Training to Muscle Failure: is it Effective?
When you bring up muscle failure, you’ll find people who are all for it, as well as people against it. On the one hand, a lot of people defend it as a great tool for improving muscular strength and general physical fitness. Others see it as unnecessary and even harmful to your body.
In this article, we’re going to look at this topic in depth. You’re going to learn everything about training to muscle failure. Of course, we’ll be looking at what science has to say on the topic too.
What is training to muscle failure?
This type of training involves using the fibers that compose your muscle tissue until they can’t generate the power necessary to overcome resistance. In other words, up to the point when you can’t perform a single repetition more during a weight training set.
Training to muscle failure requires that you reduce the number of sets for each exercise until you reach the point of failure. In principle, that means less work, quantitatively, but of a higher quality.
Nevertheless, as we mentioned before, there are many people who criticize this type of training. That’s because reaching muscle failure means you’re using very high weights for weight training. This could end up causing people certain muscle injuries such as tendinitis or muscle tears, among others.
Who can undertake this type of training?
Not everyone has the necessary ability to take on a program of training to muscle failure without suffering problems. It’s important to mention that this type of physical work is best suited for two types of athletes:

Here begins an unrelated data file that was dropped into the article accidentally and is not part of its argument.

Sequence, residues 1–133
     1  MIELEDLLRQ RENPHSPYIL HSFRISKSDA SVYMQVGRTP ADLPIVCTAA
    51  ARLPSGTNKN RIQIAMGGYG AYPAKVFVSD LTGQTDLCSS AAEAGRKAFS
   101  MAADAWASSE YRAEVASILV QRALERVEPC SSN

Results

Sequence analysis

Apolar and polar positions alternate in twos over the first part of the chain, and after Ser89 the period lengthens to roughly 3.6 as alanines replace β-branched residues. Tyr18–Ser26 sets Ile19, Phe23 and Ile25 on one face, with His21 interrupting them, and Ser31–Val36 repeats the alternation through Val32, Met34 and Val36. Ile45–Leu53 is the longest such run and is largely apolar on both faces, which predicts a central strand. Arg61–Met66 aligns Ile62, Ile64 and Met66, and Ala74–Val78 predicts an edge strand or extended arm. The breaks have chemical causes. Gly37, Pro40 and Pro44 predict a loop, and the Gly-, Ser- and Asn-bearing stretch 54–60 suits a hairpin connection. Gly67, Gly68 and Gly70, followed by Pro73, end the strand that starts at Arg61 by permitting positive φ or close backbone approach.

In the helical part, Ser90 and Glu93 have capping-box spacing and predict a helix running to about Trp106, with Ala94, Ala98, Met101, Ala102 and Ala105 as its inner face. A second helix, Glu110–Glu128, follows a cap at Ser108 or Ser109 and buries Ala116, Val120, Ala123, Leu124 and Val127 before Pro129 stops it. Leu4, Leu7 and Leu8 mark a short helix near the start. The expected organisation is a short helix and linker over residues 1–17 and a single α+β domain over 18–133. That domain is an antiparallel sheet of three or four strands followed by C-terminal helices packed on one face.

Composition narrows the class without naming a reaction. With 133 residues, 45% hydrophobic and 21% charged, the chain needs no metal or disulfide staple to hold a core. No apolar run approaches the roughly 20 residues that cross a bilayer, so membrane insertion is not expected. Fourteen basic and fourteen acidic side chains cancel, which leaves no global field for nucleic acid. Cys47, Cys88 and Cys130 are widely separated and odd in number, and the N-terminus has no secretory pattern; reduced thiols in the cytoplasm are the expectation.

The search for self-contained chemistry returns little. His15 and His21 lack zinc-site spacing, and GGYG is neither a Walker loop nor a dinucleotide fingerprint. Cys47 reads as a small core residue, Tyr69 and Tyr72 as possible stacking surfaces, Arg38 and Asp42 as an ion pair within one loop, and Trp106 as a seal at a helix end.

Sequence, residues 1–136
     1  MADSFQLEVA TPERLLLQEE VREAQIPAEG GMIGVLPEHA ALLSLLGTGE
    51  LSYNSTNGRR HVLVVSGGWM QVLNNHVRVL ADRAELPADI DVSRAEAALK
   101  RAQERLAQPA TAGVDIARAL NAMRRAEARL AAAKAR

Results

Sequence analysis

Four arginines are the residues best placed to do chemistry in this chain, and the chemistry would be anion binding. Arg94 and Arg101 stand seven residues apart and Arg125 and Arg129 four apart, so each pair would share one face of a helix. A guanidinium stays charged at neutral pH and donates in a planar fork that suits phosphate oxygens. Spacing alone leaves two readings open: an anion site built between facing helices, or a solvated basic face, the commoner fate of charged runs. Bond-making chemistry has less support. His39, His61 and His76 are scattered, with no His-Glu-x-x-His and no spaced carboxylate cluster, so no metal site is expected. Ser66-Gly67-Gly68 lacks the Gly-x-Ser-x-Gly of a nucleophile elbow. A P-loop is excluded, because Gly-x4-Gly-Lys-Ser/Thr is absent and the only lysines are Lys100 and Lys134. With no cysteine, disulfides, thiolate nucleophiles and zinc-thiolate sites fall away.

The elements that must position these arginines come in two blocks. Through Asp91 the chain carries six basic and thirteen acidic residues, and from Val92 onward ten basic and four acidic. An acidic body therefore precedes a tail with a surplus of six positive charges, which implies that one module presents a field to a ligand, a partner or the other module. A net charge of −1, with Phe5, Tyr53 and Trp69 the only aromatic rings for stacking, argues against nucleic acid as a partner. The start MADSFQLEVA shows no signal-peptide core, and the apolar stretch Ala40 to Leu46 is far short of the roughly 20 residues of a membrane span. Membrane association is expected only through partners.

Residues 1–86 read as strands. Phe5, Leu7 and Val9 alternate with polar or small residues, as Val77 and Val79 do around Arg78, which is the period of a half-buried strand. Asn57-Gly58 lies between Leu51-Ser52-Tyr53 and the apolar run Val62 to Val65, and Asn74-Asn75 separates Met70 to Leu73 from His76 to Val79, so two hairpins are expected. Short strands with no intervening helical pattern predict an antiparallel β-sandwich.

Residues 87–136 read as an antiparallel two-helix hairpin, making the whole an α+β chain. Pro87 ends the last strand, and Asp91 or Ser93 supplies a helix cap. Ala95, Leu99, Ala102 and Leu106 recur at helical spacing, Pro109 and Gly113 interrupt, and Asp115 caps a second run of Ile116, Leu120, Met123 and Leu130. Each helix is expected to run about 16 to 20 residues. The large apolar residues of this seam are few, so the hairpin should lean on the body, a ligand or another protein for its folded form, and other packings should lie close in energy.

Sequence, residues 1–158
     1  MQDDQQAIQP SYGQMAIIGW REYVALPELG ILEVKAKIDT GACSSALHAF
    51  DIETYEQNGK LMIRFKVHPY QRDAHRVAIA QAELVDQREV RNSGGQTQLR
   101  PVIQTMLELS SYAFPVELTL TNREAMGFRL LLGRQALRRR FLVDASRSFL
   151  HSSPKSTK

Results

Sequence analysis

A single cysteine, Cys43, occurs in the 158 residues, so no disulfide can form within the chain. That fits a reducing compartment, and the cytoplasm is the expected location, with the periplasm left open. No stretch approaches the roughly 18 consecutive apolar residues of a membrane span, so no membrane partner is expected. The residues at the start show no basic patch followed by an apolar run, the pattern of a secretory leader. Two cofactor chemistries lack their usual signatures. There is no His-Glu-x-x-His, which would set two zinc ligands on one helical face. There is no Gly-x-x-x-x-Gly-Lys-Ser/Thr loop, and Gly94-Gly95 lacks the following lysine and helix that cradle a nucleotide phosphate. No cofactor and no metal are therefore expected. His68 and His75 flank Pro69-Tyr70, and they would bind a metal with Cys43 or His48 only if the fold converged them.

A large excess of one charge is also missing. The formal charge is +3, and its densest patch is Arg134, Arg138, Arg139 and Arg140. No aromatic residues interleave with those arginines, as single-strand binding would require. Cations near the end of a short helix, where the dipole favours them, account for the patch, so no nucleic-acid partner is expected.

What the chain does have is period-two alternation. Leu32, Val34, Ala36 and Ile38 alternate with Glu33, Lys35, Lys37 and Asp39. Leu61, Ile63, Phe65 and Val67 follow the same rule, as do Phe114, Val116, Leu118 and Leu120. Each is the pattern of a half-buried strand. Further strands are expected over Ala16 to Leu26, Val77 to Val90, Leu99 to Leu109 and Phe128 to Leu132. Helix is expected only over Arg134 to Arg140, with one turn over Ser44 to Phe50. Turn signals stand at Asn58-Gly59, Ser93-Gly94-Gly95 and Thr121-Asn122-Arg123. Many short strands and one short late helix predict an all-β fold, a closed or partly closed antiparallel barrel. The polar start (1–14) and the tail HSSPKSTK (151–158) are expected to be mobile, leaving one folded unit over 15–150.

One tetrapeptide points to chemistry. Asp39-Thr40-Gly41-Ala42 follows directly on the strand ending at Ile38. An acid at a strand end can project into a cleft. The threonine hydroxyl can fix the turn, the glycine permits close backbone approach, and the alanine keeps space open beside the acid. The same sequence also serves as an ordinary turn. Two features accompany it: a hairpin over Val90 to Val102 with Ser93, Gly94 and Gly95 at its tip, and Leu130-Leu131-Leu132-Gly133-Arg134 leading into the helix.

- First of all, it’s appropriate for people who are looking for muscle hypertrophy. If that’s your goal, you can use muscle failure to increase your muscle mass and drive the growth of your muscle tissue.
- The second group consists of athletes who want to improve their performance in sports that involve endurance.
Experts generally recommend that beginners avoid this practice. That’s because you have to be able to execute the movements with perfect technique. You also need a good warm-up before starting a session of training to failure. This will help you to avoid any type of pain or injury.
Even so, and even when an experienced person tries to train using this method, they should always have external help. Training to failure always requires using high weights. Another person helping you could help limit your risks.
How can you reach muscle failure?
When you train for muscle failure, you’ll find two paths to reaching your desired objectives:
- You can train with low weights. This is a good way to go when you want to do a higher number of reps or when you only have your own body weight to train with. Here muscle failure occurs when you can’t move the weight anymore.
- On the other hand, you can work with submaximal loads. In this case, you lift about 85 percent of your one-repetition maximum and do no more than 10 repetitions in total. When you use these submaximal loads, you’ll experience muscle failure due to fatigue accumulated in the muscle. It should happen before reaching your final rep.